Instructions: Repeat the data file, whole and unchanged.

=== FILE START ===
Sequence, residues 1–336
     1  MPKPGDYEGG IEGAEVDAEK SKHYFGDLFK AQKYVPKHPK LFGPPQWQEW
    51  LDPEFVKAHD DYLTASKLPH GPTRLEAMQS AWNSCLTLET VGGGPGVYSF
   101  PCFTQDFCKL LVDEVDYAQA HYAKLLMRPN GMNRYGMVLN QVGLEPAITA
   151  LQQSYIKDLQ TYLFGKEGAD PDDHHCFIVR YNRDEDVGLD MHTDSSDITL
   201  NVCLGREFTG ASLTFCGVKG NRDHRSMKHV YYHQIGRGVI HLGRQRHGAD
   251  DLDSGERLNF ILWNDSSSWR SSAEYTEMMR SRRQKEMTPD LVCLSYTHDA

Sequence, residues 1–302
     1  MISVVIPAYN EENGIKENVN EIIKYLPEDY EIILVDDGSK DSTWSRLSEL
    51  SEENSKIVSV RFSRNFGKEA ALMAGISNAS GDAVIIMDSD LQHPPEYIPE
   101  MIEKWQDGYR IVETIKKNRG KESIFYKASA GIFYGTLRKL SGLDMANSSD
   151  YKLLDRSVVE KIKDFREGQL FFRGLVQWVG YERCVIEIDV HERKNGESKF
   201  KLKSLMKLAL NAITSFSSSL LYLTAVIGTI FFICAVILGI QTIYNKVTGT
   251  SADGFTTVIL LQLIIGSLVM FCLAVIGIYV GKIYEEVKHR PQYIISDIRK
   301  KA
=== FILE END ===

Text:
Sequence, residues 1–336
     1  MPKPGDYEGG IEGAEVDAEK SKHYFGDLFK AQKYVPKHPK LFGPPQWQEW
    51  LDPEFVKAHD DYLTASKLPH GPTRLEAMQS AWNSCLTLET VGGGPGVYSF
   101  PCFTQDFCKL LVDEVDYAQA HYAKLLMRPN GMNRYGMVLN QVGLEPAITA
   151  LQQSYIKDLQ TYLFGKEGAD PDDHHCFIVR YNRDEDVGLD MHTDSSDITL
   201  NVCLGREFTG ASLTFCGVKG NRDHRSMKHV YYHQIGRGVI HLGRQRHGAD
   251  DLDSGERLNF ILWNDSSSWR SSAEYTEMMR SRRQKEMTPD LVCLSYTHDA

Sequence, residues 1–302
     1  MISVVIPAYN EENGIKENVN EIIKYLPEDY EIILVDDGSK DSTWSRLSEL
    51  SEENSKIVSV RFSRNFGKEA ALMAGISNAS GDAVIIMDSD LQHPPEYIPE
   101  MIEKWQDGYR IVETIKKNRG KESIFYKASA GIFYGTLRKL SGLDMANSSD
   151  YKLLDRSVVE KIKDFREGQL FFRGLVQWVG YERCVIEIDV HERKNGESKF
   201  KLKSLMKLAL NAITSFSSSL LYLTAVIGTI FFICAVILGI QTIYNKVTGT
   251  SADGFTTVIL LQLIIGSLVM FCLAVIGIYV GKIYEEVKHR PQYIISDIRK
   301  KA